indexing. a. b. . c. c. . Yield spreads tend to____ during recessions and ________ during times of economic prosperity. widen widen . b. c. expectations. b. . c. A bond strategy attempting to immunize the portfolio from interest rate risk is based on the concept of: buy and hold. b. . a. narrow stay constant . moderate) Bond Strategies 22. difficult) 23. narrow . . d. widen widen . duration concept. a. liquidity premium market segmentation economic value added (b. Which of the following is not a passive bond strategy? an immunization strategy a bond swap strategy a buy and hold strategy an indexing strategy (b. moderate) Chapter Eighteen Bonds: Analysis and Strategy 232 . d. . horizon analysis.20. . d. a. d. moderate) 21. (c . . stay constant (b. The _________ theory of yield curves states that investors will not invest long term unless they have an economic incentive.
c. (c. (a . horizon analysis. (d . b. a. It requires frequent rebalancing. b. c. b. b. time-series analysis. d. the present value of the cashflows is greater than the principal. d. moderate) 27. attempt to avoid call and convertible risk. a.24. moderate) Chapter Eighteen Bonds: Analysis and Strategy 233 . It is not a passive bond strategy. A portfolio is said to be immunized if: the present value of the cashflows equals the principal. a. duration planning. Immunization is a strategy in which bond investors: buy only high-quality bonds. moderate) 26. attempt to avoid default risk. c. Which of the following statements regarding classical immunization is false? It is easy to implement. One form of interest rate forecasting has the investor evaluating bonds being considered for purchase over a selected holding period in order to determine which will perform the best and is known as: holding-period analysis. the duration of the portfolio is equal to the investment horizon. attempt to avoid reinvestment and price risk. (d . the duration of the portfolio is equal to the term. c. d. a. difficult) 25. d. It faces real-world problems in its implementation.
d. A bond investor has $100. price risk and reinvestment risk.000 in three-year bonds. Longer maturities have a chance for larger gains. To immunize his portfolio. c. greater than (d . (b.10 years.000 in ten-year bonds. c. b. b. moderate) Chapter Eighteen Bonds: Analysis and Strategy 234 . c. (c. Interest rate risk is composed of: market risk and default risk. greater than.000 in one-year bonds. Which of the following statements regarding bond terms is FALSE? Short maturities protect investors when interest rates rise. easy) 31. Longer maturities have greater price fluctuations. $10. $10. price risk and credit risk. These bonds will have maturities -------. (c . d. 10 a. equal to equal to. b. a.000 to invest and has determined 10 years is his maximum term. James wants to invest in bonds and has a 10 year investment horizon. less than less than. c. This is an example of: bond equality bond laddering bond blending bond term management a.000 in two-year bonds. Longer maturities are more liquid than shorter maturies. d. etc. difficult) 29. d. less than equal to. all the way to $10. he must buy bonds with durations of ----years. He puts $10. b. a. default risk and money risk.28. moderate) 30.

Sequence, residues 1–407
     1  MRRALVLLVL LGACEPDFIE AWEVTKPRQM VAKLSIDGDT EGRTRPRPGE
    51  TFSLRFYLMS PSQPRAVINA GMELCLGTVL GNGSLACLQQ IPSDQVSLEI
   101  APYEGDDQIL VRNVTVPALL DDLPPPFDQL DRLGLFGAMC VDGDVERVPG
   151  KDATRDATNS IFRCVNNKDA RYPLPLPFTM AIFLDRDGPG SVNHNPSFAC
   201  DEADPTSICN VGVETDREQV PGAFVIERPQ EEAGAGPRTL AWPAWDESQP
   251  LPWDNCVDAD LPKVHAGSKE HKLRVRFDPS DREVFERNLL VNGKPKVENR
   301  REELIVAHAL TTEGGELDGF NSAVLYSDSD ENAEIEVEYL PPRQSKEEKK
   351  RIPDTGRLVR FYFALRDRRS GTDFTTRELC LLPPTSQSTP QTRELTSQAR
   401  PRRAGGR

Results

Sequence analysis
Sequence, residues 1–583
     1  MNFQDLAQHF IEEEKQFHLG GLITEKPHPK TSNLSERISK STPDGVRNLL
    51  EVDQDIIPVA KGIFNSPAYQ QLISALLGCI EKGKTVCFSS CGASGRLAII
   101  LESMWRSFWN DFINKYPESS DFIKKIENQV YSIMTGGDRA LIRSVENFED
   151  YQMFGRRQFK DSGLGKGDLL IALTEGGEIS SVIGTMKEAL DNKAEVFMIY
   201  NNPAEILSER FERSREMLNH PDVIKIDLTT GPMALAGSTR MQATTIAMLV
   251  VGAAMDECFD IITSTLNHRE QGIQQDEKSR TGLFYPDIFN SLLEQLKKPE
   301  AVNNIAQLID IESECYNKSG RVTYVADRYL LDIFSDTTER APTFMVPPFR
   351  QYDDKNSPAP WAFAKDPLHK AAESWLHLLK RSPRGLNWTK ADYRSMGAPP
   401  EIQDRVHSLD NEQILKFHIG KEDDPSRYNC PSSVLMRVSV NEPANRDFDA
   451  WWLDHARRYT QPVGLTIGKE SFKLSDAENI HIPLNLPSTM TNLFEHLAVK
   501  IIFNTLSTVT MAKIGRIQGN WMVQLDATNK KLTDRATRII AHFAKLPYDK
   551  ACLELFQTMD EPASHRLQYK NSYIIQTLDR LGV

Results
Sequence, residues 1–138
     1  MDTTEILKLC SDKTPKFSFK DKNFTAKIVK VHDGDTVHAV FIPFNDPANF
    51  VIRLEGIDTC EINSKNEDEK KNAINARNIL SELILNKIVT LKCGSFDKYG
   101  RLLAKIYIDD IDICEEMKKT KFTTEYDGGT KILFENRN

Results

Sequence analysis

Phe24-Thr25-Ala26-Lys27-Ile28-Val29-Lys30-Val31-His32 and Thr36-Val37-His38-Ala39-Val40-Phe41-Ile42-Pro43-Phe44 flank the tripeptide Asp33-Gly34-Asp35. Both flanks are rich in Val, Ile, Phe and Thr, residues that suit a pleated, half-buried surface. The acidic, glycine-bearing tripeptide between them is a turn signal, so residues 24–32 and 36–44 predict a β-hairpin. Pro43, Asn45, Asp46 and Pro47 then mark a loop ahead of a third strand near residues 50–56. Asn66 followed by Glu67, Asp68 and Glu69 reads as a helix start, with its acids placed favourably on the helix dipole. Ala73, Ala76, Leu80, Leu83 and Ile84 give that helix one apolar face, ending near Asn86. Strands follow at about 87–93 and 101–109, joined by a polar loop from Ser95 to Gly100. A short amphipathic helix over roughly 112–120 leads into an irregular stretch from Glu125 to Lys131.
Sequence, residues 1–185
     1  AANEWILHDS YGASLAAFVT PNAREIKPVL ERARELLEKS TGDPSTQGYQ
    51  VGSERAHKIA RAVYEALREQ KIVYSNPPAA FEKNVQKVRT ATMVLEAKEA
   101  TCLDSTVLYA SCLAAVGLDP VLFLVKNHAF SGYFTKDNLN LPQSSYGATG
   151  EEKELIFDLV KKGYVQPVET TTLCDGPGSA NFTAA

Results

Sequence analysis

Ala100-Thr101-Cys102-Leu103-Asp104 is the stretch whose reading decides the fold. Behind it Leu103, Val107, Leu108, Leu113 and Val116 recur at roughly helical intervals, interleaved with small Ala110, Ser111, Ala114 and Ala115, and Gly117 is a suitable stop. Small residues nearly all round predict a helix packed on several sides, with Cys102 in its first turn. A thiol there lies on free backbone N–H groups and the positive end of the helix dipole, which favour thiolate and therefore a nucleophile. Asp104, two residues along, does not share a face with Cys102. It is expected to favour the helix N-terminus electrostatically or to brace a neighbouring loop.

all of the above are true. Speculation in the bond market has decreased significantly in the last 20 years. c. difficult) Chapter Eighteen Bonds: Analysis and Strategy 235 . moderate) 2. ability to shelter income from taxes. relatively low expense ratios.32. a. moderate) 34. Which of the following is not one of the strategies normally employed by conservative bond investors? flexible-income funds strategy buy-and-hold approach shorter-term Treasury bonds bond swaps (d. a. A major advantage of bond index funds is their: higher performance than regular bond funds. Which of the following often emphasize short-term European securities and have been popular in recent years? international money market fund short-term world multimarket income funds global short-term government securities funds foreign short-term index funds (b. (c. a. d. (F. moderate) Building a Fixed-Income Portfolio 33. c. b. A weaker dollar increases the value of dollar-denominated assets to foreign investors. moderate) True-False Questions Why Buy Bonds? 1. (F. d. d. c. b. b.
moderate) 8. The term structure of interest rates shows the relationship between yields of several categories of bonds. (T. A commercial bank that always invested in short-term bonds in order to meet deposit withdrawals is a a good example of the liquidity preference theory. (T. moderate) 10.Important Considerations in Managing a Bond Portfolio 3. The size of yield spreads tends to remain constant over time. The term structure of interest rates consists of a set of forward rates and a current known rate. The yield curve is considered one of the best ways to price a bond. An increase in expected inflation tends to decrease bond prices and bond yields. difficult) 6. such as municipals and corporates. easy) Chapter Eighteen Bonds: Analysis and Strategy 236 . (F. (F. (F. moderate) 9. difficult) 7. (F. easy) 4. (F. (T. Yield spreads were at their widest during the Great Depression. moderate) 5. A noncallable bond would be expected to have a higher yield to maturity than a comparable callable bond. and their maturities.